The Hatton Garden Job Review
With a team of seasoned pros, the right contacts and plans for the perfect heist - what could go wrong?
Ronnie Thompson directs the brilliantly 'British' The Hatton Garden Job - a fantastically stylish heist movie based on the events of the 2015 Easter weekend robbery.We can all just about cast our minds back to April 2015, when five men decided to take on a job that would become recognised as the largest heist in English legal history. The mark was The Hatton Garden Safe Deposit Company which had an estimated £200 million tucked away in individual safety deposit boxes. In a time and age where technology is paramount and good old fashioned bank robberies are things only seen in the movies, this heist managed to capture the attention of the press and public alike. The fact that the robbers were mostly over 60 only made the story all the more interesting and fascinating. But how do you make a film about an event that happened a mere two years ago.Not just that, how do you keep the story interesting when the public knows how it all ended. The film doesn’t take the normal route of dealing with the private lives of the robbers, instead it chooses to focus on what was in the press and the details that the general public had access to. Mixing fact and fiction the team behind the film added in elements of their own to keep the story intriguing and exciting. The writers created a character behind the robbery, the mysterious unknown man that got away with it, and dubbed him XXX in the script. They also came up with side stories involving a bent ex-policeman and the Hungarian Mafia to help build up the world within the film.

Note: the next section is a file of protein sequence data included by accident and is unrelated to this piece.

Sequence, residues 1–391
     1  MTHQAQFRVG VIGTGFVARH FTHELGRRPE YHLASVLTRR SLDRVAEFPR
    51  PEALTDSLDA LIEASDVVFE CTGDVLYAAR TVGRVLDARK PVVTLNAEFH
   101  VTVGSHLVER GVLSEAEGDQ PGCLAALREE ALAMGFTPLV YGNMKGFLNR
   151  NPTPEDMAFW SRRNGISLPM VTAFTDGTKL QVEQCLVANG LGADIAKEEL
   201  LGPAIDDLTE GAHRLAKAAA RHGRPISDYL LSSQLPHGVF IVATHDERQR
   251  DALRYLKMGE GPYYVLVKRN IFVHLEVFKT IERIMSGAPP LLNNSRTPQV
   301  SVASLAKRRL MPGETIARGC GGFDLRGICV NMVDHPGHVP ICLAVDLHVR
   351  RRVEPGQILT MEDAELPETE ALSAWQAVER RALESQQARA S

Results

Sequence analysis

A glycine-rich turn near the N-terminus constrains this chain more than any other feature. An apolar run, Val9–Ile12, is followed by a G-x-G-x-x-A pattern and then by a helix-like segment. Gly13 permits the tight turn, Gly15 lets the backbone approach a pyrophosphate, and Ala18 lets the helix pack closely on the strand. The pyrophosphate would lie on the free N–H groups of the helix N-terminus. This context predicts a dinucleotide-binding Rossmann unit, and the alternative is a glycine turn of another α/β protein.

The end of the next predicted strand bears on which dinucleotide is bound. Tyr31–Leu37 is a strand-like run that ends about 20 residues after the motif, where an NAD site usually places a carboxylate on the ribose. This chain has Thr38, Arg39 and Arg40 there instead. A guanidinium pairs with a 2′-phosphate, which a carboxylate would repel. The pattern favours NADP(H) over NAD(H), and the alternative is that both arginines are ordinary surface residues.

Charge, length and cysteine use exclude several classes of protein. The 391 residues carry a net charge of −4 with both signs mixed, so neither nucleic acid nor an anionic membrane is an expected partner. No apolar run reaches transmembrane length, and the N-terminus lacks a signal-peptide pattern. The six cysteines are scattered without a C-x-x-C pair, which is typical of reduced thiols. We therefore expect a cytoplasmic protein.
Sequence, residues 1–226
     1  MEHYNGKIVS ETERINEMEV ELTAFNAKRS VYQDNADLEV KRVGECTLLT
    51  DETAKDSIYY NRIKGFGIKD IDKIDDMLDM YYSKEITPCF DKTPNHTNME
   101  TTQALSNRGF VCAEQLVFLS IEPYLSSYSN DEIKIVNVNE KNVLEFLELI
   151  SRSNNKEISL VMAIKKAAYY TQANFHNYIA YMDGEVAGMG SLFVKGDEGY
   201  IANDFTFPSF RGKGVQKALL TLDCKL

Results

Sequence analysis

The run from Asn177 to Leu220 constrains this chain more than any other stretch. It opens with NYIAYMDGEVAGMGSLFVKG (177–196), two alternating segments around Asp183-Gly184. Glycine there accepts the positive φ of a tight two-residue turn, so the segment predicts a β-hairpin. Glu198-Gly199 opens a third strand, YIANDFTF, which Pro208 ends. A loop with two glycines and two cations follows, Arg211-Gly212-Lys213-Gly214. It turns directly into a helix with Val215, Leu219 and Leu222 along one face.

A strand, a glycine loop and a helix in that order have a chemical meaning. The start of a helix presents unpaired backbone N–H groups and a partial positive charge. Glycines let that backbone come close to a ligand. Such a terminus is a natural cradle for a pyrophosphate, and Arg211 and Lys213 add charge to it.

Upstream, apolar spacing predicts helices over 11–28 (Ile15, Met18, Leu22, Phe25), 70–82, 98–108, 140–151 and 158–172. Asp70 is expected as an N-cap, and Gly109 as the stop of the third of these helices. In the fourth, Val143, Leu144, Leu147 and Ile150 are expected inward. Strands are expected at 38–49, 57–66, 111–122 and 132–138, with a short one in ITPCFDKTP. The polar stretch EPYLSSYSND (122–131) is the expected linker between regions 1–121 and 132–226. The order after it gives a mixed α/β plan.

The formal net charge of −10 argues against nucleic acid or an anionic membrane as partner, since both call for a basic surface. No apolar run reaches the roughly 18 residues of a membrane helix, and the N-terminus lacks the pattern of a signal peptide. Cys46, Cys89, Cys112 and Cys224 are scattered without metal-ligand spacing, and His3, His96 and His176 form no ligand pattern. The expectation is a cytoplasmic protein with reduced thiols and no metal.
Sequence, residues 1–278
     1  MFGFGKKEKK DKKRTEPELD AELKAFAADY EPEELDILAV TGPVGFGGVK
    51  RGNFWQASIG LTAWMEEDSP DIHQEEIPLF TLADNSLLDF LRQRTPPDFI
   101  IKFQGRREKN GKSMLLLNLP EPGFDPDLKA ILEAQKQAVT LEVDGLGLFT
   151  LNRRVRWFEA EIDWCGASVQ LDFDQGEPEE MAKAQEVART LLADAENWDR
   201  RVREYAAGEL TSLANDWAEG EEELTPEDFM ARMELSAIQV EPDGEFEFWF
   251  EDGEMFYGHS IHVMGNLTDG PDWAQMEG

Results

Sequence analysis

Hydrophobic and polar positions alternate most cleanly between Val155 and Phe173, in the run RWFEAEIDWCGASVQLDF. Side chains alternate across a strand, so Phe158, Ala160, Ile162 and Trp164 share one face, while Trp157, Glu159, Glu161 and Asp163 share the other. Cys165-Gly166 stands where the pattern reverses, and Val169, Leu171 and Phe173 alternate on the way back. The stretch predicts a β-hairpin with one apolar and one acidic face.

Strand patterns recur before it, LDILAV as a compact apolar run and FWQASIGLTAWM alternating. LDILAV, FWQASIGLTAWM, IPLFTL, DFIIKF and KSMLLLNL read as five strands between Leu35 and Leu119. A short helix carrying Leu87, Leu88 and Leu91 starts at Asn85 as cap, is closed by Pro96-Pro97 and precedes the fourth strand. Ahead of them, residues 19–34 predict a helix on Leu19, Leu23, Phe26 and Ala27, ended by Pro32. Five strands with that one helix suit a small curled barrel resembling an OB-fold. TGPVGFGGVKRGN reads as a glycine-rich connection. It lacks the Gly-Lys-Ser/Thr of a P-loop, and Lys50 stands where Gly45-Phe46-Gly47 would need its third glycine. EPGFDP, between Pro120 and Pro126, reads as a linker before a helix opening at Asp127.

Following a three year stint in prison the unnamed XXX (Matthew Goode) is released having made new contacts whilst inside and the idea for a job that would forever change his life and those he would get on board. The job was to break into the Hatton Garden vault with access granted by Erzebet Zslondos (Joely Richardson), the glamourous Hungarian mob boss who in return requests the tidy sum of £14 million. But in order to complete the job XXX would require the smarts of seasoned, professional robbers - not the cyber techies used for your everyday online banking scam. So XXX reaches out to Danny Jones (Phil Daniels) who in turn contacts East End criminal Brian Reader (Larry Lamb).
After a pint or two down the pub to weigh up the risk factor, Reader eventually accepts the job and calls in the remainder of the group: driver Kenny Collins (Clive Russell) and the ‘muscle’ Terry Perkins (David Calder). And so our group of veteran criminals set about planning what would become the biggest heist in English history. But with the added conflict and demands of the Hungarian mafia, East End high-roller Marcus Ford (Stephen Moyer) who has retired Detective Chief Inspector Frank Baskin (Mark Harris) under his wing, and the constraints of old age, our gang soon realise that even the best laid plans have their kinks.